It really bums me out that the classic ski movie is dying or maybe its already dead? I understand times are changing and with the new ways of social media there is an influx or over saturation of content. With that being said, its hard to stay up on everything coming out these days. Instead of sponsors caring about what production company you are filming for, or what video project/segment you are coming up with. They care about how many followers you have or the post you make on instagram. ( Speaking generally about the industry, my sponsors have been very supportive. I am very lucky.)

I wish there there was more of a balance. If you look at skateboarding you see how prestigious it is for skaters to put out hammer street parts or put out new park shots on insta to keep things up to date. In skating there is still a very high respect for going out and filming a full street part. Guys are making full careers out of just that.



That Skate influence. Photo Chip Proulx @Chipproulx



AD: You've been living out west for quite a few years now, what do you think is the main difference between the east coast/west coast ski style?


LH: I think it may sound a bit cliche, but I am going to say it anyway. I believe kids on the East Coast seem more hungry and just ready to giv'er in the snow, rain, ice, dirt, or what ever. Not having as good conditions, as long of a season, or comparable terrain makes kids on the East appreciate things and go that much harder to prove they can kill it too. I don't want to say this is the case for every kid. I have met loads of young, talented, and motivated kids from the West Coast. The West Coast breeds some real dope skiers. But at the end of the day I stick to this, the East Coast breeds the baddest! 



AD: You've been killing it with putting in work to get your segments made every year, do you think it has become harder over the years to be seen? If so is there a reason why?


LH: Last season, personally, I feel that I dropped the best street segment that I have put out to date. On all the platforms that it was hosted on, I had only received about 12k views. On instagram I dropped an early season clip sliding a log into pow and it got 26k views in 8 hours. I find it very frustrating to work on a segment or project and have it not get seen. Then you go out to ski a day and not film, you whip your phone out for some insta clip, and boom that gets a ton of views..... That can be almost degrading at times. Especially knowing that most sponsors in our industry currently value the readily available social media content over waiting for an athlete to work on a segment throughout a season and release it in the fall. Its tough you know? You don't want to sell out and stop doing what you really love and grew up dreaming about. But you also need to keep the people giving you opportunities, gear, budgets, and things like that stoked. Its all a fine balance.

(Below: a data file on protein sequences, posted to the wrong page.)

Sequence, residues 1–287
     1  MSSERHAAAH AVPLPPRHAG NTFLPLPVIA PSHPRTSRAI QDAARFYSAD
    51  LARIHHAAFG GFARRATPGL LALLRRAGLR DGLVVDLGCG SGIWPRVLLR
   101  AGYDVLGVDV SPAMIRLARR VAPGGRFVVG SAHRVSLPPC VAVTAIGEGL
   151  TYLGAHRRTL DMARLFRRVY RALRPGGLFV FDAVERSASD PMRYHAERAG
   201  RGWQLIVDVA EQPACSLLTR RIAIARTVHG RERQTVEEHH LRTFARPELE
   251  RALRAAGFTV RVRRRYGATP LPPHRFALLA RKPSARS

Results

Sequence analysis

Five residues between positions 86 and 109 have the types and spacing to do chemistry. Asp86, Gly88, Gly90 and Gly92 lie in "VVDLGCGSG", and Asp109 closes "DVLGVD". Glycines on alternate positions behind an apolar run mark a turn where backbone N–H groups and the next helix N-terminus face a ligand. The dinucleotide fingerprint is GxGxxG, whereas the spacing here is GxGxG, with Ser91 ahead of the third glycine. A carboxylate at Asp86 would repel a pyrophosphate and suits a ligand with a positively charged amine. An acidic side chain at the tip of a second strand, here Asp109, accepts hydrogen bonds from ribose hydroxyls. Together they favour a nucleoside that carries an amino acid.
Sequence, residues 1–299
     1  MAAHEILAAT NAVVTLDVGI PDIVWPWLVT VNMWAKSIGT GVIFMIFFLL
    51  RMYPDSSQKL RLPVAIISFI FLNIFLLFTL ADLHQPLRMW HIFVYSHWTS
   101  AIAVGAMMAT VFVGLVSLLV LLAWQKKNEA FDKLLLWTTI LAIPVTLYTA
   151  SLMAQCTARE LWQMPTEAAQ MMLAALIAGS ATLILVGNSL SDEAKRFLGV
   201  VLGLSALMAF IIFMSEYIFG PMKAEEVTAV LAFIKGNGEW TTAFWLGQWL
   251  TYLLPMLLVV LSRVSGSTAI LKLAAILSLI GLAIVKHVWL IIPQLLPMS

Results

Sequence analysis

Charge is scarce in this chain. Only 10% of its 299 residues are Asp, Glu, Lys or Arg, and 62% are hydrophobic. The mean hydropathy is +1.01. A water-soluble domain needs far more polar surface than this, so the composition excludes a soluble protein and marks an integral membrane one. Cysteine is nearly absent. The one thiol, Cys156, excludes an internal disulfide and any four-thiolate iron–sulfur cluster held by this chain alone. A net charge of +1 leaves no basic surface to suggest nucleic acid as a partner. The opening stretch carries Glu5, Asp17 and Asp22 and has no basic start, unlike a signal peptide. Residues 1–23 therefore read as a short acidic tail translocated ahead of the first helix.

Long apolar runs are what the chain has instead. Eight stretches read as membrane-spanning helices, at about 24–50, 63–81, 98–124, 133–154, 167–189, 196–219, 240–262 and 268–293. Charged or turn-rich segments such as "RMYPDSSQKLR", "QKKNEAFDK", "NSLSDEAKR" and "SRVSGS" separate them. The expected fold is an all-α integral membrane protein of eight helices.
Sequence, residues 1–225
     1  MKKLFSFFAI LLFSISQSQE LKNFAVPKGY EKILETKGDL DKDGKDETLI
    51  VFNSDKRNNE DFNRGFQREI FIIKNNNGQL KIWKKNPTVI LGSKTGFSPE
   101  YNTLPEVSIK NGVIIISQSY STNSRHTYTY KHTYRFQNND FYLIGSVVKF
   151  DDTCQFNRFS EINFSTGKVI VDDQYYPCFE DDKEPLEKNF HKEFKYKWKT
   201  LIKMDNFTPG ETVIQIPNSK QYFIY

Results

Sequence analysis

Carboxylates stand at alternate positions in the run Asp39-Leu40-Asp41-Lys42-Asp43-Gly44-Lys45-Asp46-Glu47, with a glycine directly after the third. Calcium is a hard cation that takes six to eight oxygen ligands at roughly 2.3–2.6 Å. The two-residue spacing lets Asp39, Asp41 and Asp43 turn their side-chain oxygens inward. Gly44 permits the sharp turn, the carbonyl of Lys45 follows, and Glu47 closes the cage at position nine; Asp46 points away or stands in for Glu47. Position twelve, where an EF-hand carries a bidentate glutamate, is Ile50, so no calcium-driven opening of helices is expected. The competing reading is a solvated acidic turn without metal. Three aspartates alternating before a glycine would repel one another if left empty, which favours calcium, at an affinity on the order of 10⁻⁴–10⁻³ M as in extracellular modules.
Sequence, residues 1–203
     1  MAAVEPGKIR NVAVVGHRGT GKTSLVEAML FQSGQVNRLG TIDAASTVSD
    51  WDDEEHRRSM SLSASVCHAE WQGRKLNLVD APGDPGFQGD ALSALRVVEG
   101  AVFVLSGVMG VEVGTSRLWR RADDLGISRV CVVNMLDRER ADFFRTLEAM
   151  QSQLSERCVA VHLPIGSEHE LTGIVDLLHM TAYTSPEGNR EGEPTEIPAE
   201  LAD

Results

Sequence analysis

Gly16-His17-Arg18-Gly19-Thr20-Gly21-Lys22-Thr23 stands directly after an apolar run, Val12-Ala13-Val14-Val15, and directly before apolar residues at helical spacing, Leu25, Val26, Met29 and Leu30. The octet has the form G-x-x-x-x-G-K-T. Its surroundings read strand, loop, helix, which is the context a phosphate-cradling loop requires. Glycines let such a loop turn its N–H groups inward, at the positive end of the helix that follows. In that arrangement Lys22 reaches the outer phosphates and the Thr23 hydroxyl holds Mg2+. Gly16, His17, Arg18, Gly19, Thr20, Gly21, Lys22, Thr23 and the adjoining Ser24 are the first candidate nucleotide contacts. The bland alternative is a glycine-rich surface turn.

I really hope that we can re-grow an emphasis on how important filming segments still is and how it should always be. It would be sick to see segments in skiing gain respect for skiers on the level that it does in skateboarding. Skiers already imitate skaters and things they do with filming and editing. I think our industry could improve itself by looking to set certain industry standards and practices that skating already has.